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Montevideo, July 16th 2024 - 13:04 UTC



Yacyretá's electricity output severely hit by Paraná river downspout

Friday, July 23rd 2021 - 09:16 UTC
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Despite current poor conditions, Yacyretá works on new developments to increase energy output in the future Despite current poor conditions, Yacyretá works on new developments to increase energy output in the future

The historical downspout of the Paraná River has led Yacyretá, Argentina's biggest hydroelectric plant, to work at around 50% of its normal capacity, which has a direct impact on supply to the electrical system.

The hydroelectric dam is currently operating with 12 of its 20 generating turbines, it was reported Thursday.

“The situation is affecting the generation and the amount of energy that we can deliver to the systems of Argentina and Paraguay, and therefore also to the billing system,” explained Yacyretá Binational Entity (EBY) Executive Director Ignacio Barrios Arrechea.

At present, the flow of the Paraná hardly exceeds 6,000 cubic meters per second (m3/s), with daily minimum records of up to 5,500 m3/s, and the situation is not expected to reverse any time soon.

The largest hydroelectric plant in Argentina is currently generating below 1,100 Mw, barely a third of its installed technical capacity of 3,200 Mw, and with a 50% reduction in energy delivery compared to average metrics for that time of the year.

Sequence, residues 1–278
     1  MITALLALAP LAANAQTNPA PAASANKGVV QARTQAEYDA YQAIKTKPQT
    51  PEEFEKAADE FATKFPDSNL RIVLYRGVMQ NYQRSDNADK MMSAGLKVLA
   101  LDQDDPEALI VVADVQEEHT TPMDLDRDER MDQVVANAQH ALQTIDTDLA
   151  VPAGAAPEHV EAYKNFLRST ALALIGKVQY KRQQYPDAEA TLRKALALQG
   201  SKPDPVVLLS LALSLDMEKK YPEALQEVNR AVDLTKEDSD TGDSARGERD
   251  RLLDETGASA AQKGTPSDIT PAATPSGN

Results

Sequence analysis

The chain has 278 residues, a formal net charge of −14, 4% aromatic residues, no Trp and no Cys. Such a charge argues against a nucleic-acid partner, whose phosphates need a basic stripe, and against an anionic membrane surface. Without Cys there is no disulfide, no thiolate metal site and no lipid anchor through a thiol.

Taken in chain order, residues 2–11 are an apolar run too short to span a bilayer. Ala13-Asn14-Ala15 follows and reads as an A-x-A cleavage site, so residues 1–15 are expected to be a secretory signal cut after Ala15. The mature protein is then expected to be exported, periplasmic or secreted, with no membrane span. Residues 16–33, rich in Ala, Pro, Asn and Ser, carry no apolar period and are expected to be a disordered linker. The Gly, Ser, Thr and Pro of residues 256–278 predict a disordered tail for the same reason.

The dam generated 789,416 Mw last June, which meant 309,260 megawatts below the figures for the same period of 2020 when there were also signs of a downspout.

This situation is putting pressure on another type of generator, many of which operate with gas at times of high demand and must switch to much more expensive fuels.

The lower sale of generated energy, which allocates 90% to Argentina and 10% to Paraguay is also reflected in the billing, which has fallen from around US $ 60 million under normal conditions to barely US $ 30 million in June 2021.

Despite the economic impact, Barrios Arrechea explained that “this lower billing does not affect the budgets or current expenses of the company because the States comply every year with budgetary needs.”

“By 2021 this requirement is fully covered and it will also be covered by 2022, including the expenses for the construction of Aña Cua, which will have its investment peak in 2022,” he added.

The operation of the dam has been cut down from 20 Kaplan type turbines to just 12. In the meantime, maintenance works are performed on the 8 other generators.

Yacyretá is also developing the Aña Cua dam, which will have three Kaplan-type turbines destined to produce between 9 and 20% extra energy, depending on the fluctuation of the water level of the Paraná River.

The budget required by the Yacyretá Entity for 2021 was US $ 53 million, but by 2022 it will amount to about US $ 170 million, that is, almost half of the $ 350 million budget to be invested during the 50 months of works to be achieved by 2024.

Aña Cua will offer continuous electricity generation since it must comply with the environmental commitment adopted by Argentina and Paraguay when managing Yacyretá financing.

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